Time to Relax Again
I allowed myself a little time before listening to what we had accomplished in the studio. I would have given myself a few days but I had to begin working up some ides for bass so that we can have a genuine rhythm section on this album. I was very pleasantly surprised when I first heard our rough tracks! My initial thought was that I have never been more proud of a set of roughs, nor of my own performance in any of the recordings I have been a part of, regardless of the band. I feel as though I take something away from every studio experience that helps me get closer and closer to where I want to be the next time. I can finally hear in a series of roughs that many years of recording and trying to be creative are beginning to pay off. I have always had confidence in my ideas as a drummer, but not always in my execution. This collection of rough mixes has made me feel better about an area of my drumming I always feel I could improve.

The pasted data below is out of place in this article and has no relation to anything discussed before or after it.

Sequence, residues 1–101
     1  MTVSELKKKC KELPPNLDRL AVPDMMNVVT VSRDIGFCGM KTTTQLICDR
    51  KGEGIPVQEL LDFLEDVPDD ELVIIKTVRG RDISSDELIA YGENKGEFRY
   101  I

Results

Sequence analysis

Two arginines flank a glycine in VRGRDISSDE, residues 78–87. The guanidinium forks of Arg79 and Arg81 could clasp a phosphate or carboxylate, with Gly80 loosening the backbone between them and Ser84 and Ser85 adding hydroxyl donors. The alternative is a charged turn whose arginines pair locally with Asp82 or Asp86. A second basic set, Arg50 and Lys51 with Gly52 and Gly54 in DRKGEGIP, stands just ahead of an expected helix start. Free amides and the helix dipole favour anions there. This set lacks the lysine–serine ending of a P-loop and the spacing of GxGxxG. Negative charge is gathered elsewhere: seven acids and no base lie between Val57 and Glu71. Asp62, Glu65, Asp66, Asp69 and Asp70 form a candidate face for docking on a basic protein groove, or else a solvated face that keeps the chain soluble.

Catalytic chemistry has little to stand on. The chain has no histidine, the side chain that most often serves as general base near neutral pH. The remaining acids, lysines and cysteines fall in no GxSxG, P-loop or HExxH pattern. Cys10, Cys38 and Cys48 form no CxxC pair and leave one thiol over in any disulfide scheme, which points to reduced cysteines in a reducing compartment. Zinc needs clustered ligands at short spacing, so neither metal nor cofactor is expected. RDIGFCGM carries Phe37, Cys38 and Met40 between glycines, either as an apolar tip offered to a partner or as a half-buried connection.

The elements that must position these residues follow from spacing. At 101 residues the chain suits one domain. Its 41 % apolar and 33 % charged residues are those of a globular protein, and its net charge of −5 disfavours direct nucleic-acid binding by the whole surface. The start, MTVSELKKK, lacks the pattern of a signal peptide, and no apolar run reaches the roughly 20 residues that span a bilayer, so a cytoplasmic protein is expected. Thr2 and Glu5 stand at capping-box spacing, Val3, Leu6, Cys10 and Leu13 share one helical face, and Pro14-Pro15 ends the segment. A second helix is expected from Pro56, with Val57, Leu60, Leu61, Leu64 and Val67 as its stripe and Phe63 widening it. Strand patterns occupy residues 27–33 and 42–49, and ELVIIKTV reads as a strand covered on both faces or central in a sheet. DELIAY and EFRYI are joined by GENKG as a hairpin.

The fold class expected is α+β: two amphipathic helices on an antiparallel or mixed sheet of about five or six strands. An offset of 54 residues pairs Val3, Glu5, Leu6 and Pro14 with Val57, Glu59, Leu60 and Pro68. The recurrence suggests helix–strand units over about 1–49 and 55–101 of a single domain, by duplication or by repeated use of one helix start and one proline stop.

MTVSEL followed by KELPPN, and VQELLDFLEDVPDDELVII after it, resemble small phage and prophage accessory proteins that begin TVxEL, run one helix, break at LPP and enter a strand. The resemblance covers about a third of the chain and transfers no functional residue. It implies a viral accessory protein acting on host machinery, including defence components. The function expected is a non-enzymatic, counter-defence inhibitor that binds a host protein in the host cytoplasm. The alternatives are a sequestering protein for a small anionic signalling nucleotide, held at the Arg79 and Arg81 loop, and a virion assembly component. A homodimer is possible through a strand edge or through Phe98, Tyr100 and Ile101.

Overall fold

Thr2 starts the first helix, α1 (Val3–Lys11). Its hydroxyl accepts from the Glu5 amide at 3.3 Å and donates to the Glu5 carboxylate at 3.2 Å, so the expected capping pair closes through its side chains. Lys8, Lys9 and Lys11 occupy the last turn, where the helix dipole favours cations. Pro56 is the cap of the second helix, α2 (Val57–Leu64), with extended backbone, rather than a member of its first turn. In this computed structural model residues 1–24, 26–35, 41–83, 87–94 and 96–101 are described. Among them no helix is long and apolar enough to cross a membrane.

This experience with Greg at Pershing Hill Sound has given me great confidence that the next Confessor album will be the truest representation of how we sound to date, and that our unique twists and turns will be as effective as ever when our turn in the studio comes. Confessor still have plenty of work ahead, but I am going to list all of the ideas I have had that would make people turn their heads and I'll begin sharpening my own skills so that I can hammer what makes me stand out as a drummer home. I may decide to back off of the amazeballs levels just a smidge to leave some wow factor room for the other guys in the band. I'll have to see how they behave between now and then, but I am seriously considering leaving some space for an occasional note from the string section.